\begin{align*} P(k = 2) &= \frac{N_{2}}{N} = \frac{4}{100} = 0.04 \\ P(k = 3) &= \frac{N_{3}}{N} = \frac{32}{100} = 0.32 \\ P(k = 4) &= \frac{N_{4}}{N} = \frac{64}{100} = 0.64 \end{align*}

So around two-thirds of nodes in this 10x10 lattice have degree 4. But there's more to it than that. The degree distribution controls whether the network is mainly made up of high-degree nodes, or of mainly low-degree nodes, or is somehow balanced between them. In a lattice, the majority of nodes have the maximum degree, and it's fairly easy to see that as the size of the lattice increases, the proportion of nodes with degree 4 gets larger and larger: lattices get more uniform as they get larger:

In [22]:
# the degrees we're interested in
ds = numpy.array(numpy.linspace(10, 200, dtype = numpy.int))  # lattice edge sizes
orders = ds * ds                                              # lattice orders

# create lattices and work out the fraction of degree-4 nodes
fourFraction = []
for d in ds:
    l = cncp.lattice_graph(d, d)
    dist = l.degree().values()                                # degrees of nodes
    fours = len([ k for k in dist if k == 4 ])                # number of degree-four nodes
    fourFraction.append((fours + 0.0) / l.order())            # fraction of degree-four nodes
    
fig = plt.figure(figsize = (5, 5))
plt.plot(orders, fourFraction)
plt.xlabel('$N$')
plt.ylabel('$P(k = 4)$')
plt.title('Proportion of $k = 4$ nodes as lattice size increases')
_ = plt.show()

(Clearly this is far from being the most efficient way of performing this computation. A moment's thought and a look at the coloured lattice diagram above should convince you that the number of degree-$k$ nodes in a lattice with edge size $d$ (so $N = d \times d$) has a completely defined value that can be computed must faster than by creating lattices and then counting degrees. Specifically:

\begin{align*} N_4 &= (d - 2)^2 \\ N_3 &= 4 (d - 2) \\ N_2 &= 4 \end{align*}

and so:

\begin{align*} P(k = 4) &= \frac{(d - 2)^2}{N} \\ P(k = 3) &= \frac{4(d - 2)}{N} \\ P(k = 2) &= \frac{4}{N} \end{align*}

But the principle remains the same, and for irregular networks there may be no better way than counting.)

The implications of degree

But it's the interactions with other properties that make degree distribution perhaps the most critical single property of a network.

To see why, consider two networks with the same number of nodes where one has mainly high-degree nodes and one mainly low-degree nodes. Suppose further that we link nodes together randomly. If lots of nodes have high degree, then clearly each node will in general be linked to a higher proportion of nodes in the network than in the case where nodes have low degree. And this implies that nodes are "closer together": one in general has to traverse fewer edges to get between a given pair of nodes than in the low-degree case. So the degree distribution affects the average shortest path between any two nodes selected at random: the graph is likely to have a smaller diameter. And this in turn is important, because (as we'll see later) a lot of processes that run over networks are critically affected by the diameter, since they can spread more efficiently through networks with low diameters. The degree distribution is the strongest contributor to diameter, although there are other contributing factors too.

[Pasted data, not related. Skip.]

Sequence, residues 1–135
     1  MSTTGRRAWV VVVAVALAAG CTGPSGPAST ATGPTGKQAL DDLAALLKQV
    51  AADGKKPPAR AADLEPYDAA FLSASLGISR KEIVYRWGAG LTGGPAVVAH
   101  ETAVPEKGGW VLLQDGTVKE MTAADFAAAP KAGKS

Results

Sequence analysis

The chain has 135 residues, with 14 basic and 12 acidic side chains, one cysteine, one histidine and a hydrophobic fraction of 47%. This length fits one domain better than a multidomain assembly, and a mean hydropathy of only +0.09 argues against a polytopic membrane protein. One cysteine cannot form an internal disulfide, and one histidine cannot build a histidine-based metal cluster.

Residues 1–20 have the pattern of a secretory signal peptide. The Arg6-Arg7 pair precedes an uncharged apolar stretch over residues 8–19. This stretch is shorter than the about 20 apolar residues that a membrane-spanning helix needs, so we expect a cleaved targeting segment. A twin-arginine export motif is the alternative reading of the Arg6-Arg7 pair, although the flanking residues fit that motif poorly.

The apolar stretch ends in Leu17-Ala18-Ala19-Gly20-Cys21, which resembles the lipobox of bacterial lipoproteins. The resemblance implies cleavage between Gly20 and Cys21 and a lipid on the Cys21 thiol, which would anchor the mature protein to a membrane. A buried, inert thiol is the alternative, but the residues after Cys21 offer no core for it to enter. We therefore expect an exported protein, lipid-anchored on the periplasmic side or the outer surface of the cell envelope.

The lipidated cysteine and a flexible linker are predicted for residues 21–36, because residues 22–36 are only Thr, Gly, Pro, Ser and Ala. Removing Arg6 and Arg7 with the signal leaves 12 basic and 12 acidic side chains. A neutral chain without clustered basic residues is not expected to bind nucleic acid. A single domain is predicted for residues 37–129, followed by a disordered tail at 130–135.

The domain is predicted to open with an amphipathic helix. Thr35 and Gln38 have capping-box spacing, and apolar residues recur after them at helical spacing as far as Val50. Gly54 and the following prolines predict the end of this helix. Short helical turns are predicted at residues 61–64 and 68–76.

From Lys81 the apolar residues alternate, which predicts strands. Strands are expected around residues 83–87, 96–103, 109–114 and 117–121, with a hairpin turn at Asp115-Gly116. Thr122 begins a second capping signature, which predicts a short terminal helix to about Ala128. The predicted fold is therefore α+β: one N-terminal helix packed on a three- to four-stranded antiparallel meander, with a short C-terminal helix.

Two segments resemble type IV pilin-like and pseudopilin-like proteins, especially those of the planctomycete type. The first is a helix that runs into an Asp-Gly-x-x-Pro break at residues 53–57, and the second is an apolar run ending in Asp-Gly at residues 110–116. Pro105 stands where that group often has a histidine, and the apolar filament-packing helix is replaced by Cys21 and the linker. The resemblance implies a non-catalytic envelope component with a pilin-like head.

Degree summary statistics

Earlier we noted that the node degrees in a network have a distribution, and that this suggests a link to statictics – and, in particular, to the use of summary statistics such as mean and variabce in describing the distribution of degrees. We'll conclude this chapter by exploring these ideas in the context of the lattice: we'll return to them extensively later.

The mean degree of a network is, as the name suggests, the mean (or average, or expected) value of the degree for a node chosen at random. We usually use $\langle k \rangle$ to denote the mean degree of a given network. Unlike the degree of a node, which must by definition always be an integer, the mean degree is a real number. As with any mean it has a variance. In statistical usage the variance is defined as the expected value of the square of the deviation of a random variable from the mean – which may not help very much in understanding it. For our current purposes, the variance is a measure how how "concentrated" the values of a distribution are about the mean, with large variance indicating that values "spread out" widely.

We can easily compute $\langle k \rangle$ by extracting the node degrees for all nodes and then using numpy's standard implementations for mean and variance:

In [27]:
ds = numpy.array(mesh.degree().values())
print 'Mean degree {kmean}, variance {kvar}'.format(kmean = numpy.mean(ds),
                                                    kvar = numpy.var(ds))
Mean degree 3.6, variance 0.32

This tells us that the mean degree of a mesh is close to 4: we'd expect that, given the preponderance of degree-four nodes in any lattice. The variance tells us that the mean of the square of the deviation from this value will be 0.32, so the expected deviation is about 0.6 ($\sqrt{0.32} \approx 0.57$): again, nothing surprising given that the next most popular species of nodes has degree 3.

We could also ask what other summary statistics give us information about the degree distribution. The modal value of the distribution is the most commonly-observed value – four in our case – which in this case also corresponds to the maximum degree of the network. We'll defer consideration of further summary statistics until we encounter more interesting degree distributions, for which such values may be more illuminating.